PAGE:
Kitman Labs

Player Assessments

We used a design thinking approach to develop a feature for backroom staff at sports teams to rate their players as part of a review process.

Step 1.


The initial idea for the feature originated when we signed a partnership with Chelsea F.C. As part of their player development process they set player goals and review progress over time. As we develop a generalised product we wanted to be certain this feature would be useful for all our customers, so we reached out to a broad sample, specifically performance oriented staff, from different sports, in a number of semi structured interviews. What we quickly found was that this process of setting goals as a method for developing players is a common approach. Along with that, the process was similar, with only slight variations in the frequency on reviewing and the level of detail documented.

For example, a team like Chelsea F.C. (English football team), have a lot more time and staff available to work with each of their players, thus the goal setting process is very curated and progress is regularly reviewed every 6 weeks with a number of staff members. This is done based on three specific goals per player along with looking at a standard set of metrics, like Energy, Training Performance, each of which has definitive definition. A smaller sized team like Stellenbosch (South African rugby team) who have half the number of staff create a set of goals for players but they are selected from a predefined list, the goals are not particular to the players exact development needs, the regularity of review is extended, twice a year, and the rating is not indepth.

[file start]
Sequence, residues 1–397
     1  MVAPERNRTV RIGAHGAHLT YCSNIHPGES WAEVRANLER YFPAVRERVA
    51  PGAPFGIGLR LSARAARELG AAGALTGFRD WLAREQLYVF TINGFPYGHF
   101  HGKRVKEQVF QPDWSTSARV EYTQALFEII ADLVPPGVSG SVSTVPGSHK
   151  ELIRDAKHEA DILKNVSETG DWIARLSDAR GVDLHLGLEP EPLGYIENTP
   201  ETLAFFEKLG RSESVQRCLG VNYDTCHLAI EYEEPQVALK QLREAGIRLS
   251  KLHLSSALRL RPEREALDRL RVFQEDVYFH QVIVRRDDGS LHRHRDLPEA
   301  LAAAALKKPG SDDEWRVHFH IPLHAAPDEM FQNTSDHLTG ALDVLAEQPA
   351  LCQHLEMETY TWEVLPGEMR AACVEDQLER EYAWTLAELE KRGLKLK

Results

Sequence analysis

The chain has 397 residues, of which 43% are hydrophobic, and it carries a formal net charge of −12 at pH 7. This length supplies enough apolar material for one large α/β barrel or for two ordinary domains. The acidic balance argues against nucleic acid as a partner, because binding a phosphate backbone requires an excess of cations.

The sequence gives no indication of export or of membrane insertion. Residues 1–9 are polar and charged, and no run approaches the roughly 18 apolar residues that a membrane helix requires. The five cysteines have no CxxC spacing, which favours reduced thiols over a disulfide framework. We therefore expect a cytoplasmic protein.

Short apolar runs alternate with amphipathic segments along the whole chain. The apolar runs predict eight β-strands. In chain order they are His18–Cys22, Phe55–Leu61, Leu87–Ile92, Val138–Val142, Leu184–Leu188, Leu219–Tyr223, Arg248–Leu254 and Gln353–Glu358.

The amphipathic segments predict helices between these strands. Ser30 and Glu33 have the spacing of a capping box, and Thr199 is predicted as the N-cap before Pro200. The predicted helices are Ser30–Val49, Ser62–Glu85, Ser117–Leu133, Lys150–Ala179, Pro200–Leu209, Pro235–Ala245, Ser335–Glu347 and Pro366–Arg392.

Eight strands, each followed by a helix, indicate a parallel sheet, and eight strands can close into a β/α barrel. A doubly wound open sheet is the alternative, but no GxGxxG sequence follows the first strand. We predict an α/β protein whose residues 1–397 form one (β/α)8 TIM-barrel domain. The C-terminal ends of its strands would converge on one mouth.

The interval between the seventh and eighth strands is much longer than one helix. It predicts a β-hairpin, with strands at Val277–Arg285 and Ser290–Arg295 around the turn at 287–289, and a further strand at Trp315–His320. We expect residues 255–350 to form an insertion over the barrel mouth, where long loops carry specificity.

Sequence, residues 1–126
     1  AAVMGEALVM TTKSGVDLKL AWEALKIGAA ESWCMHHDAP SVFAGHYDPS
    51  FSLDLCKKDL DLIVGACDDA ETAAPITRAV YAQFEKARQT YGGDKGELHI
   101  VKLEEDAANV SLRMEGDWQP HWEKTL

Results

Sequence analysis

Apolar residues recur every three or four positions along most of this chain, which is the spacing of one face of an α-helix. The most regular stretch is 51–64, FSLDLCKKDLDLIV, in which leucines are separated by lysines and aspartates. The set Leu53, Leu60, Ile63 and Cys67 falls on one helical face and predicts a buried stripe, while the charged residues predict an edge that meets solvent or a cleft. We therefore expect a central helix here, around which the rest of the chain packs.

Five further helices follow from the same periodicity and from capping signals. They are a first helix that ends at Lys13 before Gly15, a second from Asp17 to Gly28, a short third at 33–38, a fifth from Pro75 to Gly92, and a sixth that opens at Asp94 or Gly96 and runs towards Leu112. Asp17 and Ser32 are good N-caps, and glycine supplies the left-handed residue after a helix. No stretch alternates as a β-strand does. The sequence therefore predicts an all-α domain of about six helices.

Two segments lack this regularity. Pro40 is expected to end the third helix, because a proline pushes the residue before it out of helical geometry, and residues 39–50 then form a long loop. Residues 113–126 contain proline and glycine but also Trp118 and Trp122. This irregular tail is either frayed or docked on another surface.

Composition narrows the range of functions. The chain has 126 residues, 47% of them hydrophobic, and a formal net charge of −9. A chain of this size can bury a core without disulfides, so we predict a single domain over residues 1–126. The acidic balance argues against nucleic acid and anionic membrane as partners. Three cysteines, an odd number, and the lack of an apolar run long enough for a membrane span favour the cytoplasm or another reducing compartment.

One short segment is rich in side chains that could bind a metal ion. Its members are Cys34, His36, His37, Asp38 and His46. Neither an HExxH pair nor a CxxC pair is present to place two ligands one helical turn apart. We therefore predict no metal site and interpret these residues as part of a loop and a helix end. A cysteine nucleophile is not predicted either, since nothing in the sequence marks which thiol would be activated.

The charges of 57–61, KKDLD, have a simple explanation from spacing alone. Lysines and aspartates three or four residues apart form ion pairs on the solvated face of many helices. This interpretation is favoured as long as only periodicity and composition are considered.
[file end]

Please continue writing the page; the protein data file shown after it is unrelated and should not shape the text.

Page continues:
Another interesting finding pertained to the level of formalisation of the process at different teams. Generally, we found many teams were not as developed as Chelsea F.C. Nothing was operationalised at many of the teams we spoke with. For example at Saracens Rugby (English rugby team) and the Ducks (American hockey team), each staff member had a different approach to working with players and conducting the review process, even within the teams. At Chelsea F.C., though, things are rigorous, thought out and the process is standardised. They are also considered the benchmark for player development in sport. This highlighted an opportunity, to give guidance and reflect such a process in our software and offer it to customers.

Journey Map

Player Assessments Journey Map


Player Assessments Coach persona
Player Assessments Sports Science Persona

Step 2.




A Sports Scientist needs a way to plan and schedule an assessment in advance so staff members can know what they must do and when.



A Sports Scientist needs a way to prepare for an assessment so they can come to the meeting informed.



A Sports Scientist needs a way to rate an athlete so they can document how well that athlete is developing.



A Sports Scientist needs a way to see other staff ratings so they can discuss those ratings.



A Sports Scientist needs a way to plot ratings using different visualisation types so they can analyse the development of an athlete.



A Sports Scientist needs a way to share rating reports with staff, athletes, teachers and parents so they can keep them informed and engaged.